Yeah, it’s micro-budget, yeah the acting is occasionally (okay, usually) not top notch – even though Lively and Smalls seem quite natural as though they seem to be pretty much playing themselves (I’m assuming, as I don’t know the gents, but I’m going by the “Making Of” featurette) – and yeah, there are the occasional continuity quirks, but the end result is a film that is, well, funny in a way that Clerks was meant to be but never quite achieved, in my opinion (I was never a fan of the film; to me the only watchable Kevin Smith is Dogma [1999], but again, I digress…).

The thing about this is that what I believe makes it so enjoyable is the fact that they don’t seem to take themselves too seriously, and that they were out to have a good time making this. At least that’s what comes across, and it improves the viewing. If they had been as serious as some other micro-budgets, such as the overrated and drippy nosed The Blair Witch Project (1999), this would be excruciating, painful rather than incredibly funny.

The trio’s latest film, Winner Tape All, is indirectly about the process of filming this very kind of film, and I’m pretty sure is shot around the very same pool. Even though there is a decade separating these two releases, there are some consistencies, such as a bro code of honor, and the sense that “a nod’s as good as a wink to a blind bat.” In other words, they are not going to shy away from anything that’s non-PC.

Being a zombie apocalypse film of sorts, there is a lot of blood and latex, which looks more cheesy than real, but it still works in the context of what the film is focusing towards, which is unabashed amateurism; this works in their favor, rather than against. Again, if they would have tried to do this seriously, it would not work at all. And, that it seems to be modelled somewhat on the paradigm of “I saw Clerks and I can do it too!”

The cast is full of odd characters, and what I like is it isn’t the same clich√© bunch of “high school students.” Zack Boyce is a hysterical scene stealer as the exuberant Todd, and make sure you listen to his throwaway lines; filmmaker Henrique Couto (pre-moustache, who I am guessing is wearing his own clothes during the shoot) does a great job as a television director who is friends with our two lovable misfits. Honestly, I kept looking for other filmmakers from their area of West Virginia up to Western Pennsylvania, such as these guys, Couto, Dustin Mills and Steve Rudzinski (who is thanked in the credits). Someone should do a documentary about this group of West Virginia-thru-Westylvanian genre filmmakers.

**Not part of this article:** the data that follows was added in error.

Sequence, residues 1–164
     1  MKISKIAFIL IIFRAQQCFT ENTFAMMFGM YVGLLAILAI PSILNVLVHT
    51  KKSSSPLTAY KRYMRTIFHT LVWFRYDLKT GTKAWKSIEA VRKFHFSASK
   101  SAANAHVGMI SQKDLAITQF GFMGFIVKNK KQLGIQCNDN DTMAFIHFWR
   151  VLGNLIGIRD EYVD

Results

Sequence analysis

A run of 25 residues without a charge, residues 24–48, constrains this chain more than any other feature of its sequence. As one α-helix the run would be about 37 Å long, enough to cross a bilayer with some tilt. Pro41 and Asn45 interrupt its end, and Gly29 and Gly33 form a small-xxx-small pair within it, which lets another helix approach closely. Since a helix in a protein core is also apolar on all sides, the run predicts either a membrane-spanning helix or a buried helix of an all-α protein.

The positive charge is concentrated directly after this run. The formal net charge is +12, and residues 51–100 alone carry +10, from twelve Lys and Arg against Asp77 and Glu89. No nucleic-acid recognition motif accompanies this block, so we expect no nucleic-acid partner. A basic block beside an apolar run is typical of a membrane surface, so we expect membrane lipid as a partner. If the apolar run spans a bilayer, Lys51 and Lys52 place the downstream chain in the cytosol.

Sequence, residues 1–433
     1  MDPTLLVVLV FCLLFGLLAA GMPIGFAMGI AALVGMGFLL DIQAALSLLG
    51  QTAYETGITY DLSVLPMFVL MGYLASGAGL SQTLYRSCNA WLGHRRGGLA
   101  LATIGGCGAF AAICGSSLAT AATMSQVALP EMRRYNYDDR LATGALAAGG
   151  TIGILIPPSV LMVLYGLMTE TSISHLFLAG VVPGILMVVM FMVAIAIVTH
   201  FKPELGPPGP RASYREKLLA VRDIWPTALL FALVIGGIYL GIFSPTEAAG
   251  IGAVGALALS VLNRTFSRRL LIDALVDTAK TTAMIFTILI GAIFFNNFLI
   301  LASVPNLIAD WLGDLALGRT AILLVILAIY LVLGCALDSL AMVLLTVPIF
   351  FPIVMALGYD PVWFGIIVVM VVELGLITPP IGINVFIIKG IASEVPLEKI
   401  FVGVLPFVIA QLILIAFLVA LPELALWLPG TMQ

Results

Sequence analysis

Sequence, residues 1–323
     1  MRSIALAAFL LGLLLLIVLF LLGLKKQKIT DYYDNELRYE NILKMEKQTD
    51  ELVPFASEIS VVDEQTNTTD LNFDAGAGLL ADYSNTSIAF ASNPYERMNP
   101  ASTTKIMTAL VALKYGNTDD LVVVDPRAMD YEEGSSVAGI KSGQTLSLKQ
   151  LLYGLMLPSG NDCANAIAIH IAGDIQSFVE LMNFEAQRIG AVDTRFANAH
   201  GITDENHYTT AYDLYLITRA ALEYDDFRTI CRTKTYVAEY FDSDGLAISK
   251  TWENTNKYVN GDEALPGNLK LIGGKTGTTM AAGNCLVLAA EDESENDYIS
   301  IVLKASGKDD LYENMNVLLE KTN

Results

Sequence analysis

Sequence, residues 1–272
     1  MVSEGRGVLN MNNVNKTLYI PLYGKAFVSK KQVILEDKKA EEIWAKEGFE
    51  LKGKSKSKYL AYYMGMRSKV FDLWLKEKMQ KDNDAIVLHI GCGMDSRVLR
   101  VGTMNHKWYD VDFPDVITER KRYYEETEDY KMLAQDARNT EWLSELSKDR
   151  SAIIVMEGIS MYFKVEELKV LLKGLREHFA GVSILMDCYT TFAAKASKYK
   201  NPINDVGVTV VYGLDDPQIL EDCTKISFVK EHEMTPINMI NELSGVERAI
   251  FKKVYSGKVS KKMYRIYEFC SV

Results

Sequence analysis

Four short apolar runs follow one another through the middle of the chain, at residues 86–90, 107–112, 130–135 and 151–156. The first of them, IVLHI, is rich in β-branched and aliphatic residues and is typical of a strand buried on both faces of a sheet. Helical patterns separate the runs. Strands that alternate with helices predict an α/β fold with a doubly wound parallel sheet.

For the mandatory cameo, there is Troma founder Lloyd Kaufman, who plays a gonzo journalist named – I kid you not – Floyd Faukman. Then the wonderful Debbie Rochon in kinda on hand as a disembodied voice on ta phone, but her tone is totally recognizable.

I was particularly amused about a bit concerning PF Flyers sneakers, and smiled when they quoted the commercial about “running faster and jumping higher.” During the early punk days of the mid-‘70s, most of us wore either PF Flyers or Keds. Good enough for the Ramones, good enough for us.